In the Penal Colony is based on Franz Kafka’s short story by the same name. Libretist Rudy Wurlitzer adapted the piece for opera, and ACT Theatre in Seattle commissioned the work, which premiered in 2000. Kafka’s short story has been adapted in numerous ways, including plays and short films.
A high-ranking visitor arrives in the penal colony. He was invited there to witness the public execution of a prisoner by a strange machine invented by the former commandant of the colony. The machine slowly carves a description of the condemned man’s crimes into his flesh and after hours of excruciating torture, kills him. The device is operated by The Officer in charge of the prison who is utterly devoted to the machine and to the memory of the deceased commandant who invented it. The Officer is disturbed by the machine’s state of disrepair and the growing criticism of its use, including criticism from the island’s current commandant. He hopes that The Visitor will be impressed by the machine and will speak in favor of its “redemptive powers” to the commandant. When The Officer realizes that The Visitor will not actively support him, he frees the condemned prisoner from the machine and climbs onto it himself, seeking the redemption of a slow and painful death. The machine, however, goes haywire and instead of killing him slowly, kills him almost instantly by piercing his skull. It then self-destructs. The Visitor boards a boat and leaves the island.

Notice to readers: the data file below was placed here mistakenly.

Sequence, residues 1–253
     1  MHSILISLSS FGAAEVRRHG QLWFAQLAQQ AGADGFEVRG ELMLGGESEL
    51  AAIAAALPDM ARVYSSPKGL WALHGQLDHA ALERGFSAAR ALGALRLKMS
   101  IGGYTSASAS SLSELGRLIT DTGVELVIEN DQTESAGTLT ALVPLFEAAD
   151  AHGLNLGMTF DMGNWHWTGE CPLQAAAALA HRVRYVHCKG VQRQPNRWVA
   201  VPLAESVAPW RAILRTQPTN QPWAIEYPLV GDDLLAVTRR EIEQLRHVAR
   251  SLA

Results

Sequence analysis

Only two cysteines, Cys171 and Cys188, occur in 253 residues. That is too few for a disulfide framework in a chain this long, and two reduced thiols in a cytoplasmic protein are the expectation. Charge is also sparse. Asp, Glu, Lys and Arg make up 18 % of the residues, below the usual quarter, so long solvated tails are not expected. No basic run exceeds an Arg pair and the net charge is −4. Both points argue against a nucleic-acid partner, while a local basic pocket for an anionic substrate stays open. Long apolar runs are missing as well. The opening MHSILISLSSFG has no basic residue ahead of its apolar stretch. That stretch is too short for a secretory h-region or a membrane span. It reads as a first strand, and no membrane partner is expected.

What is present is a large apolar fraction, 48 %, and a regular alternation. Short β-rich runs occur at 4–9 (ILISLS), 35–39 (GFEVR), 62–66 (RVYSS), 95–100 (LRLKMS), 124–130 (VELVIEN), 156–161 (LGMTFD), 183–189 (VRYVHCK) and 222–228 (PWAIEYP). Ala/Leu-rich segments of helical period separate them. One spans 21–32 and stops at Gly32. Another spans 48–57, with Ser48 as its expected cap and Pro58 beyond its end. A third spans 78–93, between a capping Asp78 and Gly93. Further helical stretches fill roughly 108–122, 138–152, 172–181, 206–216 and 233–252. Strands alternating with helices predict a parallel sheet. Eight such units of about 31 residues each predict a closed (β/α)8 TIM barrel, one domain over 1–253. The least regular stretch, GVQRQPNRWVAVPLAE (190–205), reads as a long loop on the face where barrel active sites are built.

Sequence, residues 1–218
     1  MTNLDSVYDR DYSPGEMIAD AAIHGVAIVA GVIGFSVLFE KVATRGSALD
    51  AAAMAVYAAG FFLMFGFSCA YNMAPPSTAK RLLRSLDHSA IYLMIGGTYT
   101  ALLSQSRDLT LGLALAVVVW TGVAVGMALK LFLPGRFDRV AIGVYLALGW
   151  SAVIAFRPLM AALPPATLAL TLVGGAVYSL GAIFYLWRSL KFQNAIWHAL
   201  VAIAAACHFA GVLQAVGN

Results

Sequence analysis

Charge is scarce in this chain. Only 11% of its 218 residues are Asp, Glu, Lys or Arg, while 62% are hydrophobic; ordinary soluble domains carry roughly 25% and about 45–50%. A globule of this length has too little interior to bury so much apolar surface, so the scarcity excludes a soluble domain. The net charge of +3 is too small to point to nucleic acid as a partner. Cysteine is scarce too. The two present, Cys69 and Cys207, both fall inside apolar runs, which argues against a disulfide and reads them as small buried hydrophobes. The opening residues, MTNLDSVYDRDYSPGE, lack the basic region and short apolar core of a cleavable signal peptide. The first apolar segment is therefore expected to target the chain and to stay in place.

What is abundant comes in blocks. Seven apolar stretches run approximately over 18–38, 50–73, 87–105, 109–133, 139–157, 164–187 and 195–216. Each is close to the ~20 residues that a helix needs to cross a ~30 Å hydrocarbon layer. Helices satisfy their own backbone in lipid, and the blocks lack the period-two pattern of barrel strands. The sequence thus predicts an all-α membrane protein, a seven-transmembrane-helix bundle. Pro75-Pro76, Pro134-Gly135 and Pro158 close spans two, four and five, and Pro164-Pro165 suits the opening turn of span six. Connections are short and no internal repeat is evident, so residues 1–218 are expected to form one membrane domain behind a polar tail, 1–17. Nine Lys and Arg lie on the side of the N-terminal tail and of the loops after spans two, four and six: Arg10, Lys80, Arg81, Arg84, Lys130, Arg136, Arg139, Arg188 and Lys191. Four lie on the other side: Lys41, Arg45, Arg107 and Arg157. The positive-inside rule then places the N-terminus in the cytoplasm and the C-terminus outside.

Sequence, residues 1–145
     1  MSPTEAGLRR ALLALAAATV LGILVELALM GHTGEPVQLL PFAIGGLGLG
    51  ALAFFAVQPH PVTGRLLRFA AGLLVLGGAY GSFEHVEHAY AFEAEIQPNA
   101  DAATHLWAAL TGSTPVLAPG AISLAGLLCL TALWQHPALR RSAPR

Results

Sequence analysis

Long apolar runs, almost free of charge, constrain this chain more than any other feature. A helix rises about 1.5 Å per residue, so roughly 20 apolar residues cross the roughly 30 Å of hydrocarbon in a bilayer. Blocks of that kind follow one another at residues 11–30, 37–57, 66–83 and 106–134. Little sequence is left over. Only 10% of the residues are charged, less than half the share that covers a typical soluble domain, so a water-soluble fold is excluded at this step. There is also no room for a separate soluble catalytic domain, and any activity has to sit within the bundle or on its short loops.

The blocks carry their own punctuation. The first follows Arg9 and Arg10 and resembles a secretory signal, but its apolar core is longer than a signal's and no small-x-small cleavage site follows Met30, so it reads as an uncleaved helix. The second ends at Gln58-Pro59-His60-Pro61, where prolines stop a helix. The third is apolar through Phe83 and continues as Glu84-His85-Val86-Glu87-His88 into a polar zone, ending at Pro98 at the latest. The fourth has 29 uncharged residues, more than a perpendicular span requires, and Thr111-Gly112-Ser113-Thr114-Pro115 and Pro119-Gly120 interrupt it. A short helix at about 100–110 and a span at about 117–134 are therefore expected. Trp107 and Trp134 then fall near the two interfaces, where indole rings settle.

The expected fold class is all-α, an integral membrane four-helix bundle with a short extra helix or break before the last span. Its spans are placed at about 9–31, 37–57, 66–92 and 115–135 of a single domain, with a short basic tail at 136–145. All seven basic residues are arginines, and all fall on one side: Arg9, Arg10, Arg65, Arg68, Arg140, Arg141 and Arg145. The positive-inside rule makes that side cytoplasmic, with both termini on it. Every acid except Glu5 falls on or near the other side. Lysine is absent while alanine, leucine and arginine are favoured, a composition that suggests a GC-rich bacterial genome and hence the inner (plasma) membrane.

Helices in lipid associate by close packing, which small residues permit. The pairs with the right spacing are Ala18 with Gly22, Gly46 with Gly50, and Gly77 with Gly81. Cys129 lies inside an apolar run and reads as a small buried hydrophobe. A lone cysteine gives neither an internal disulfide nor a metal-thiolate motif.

Courtesy of Long Beach Opera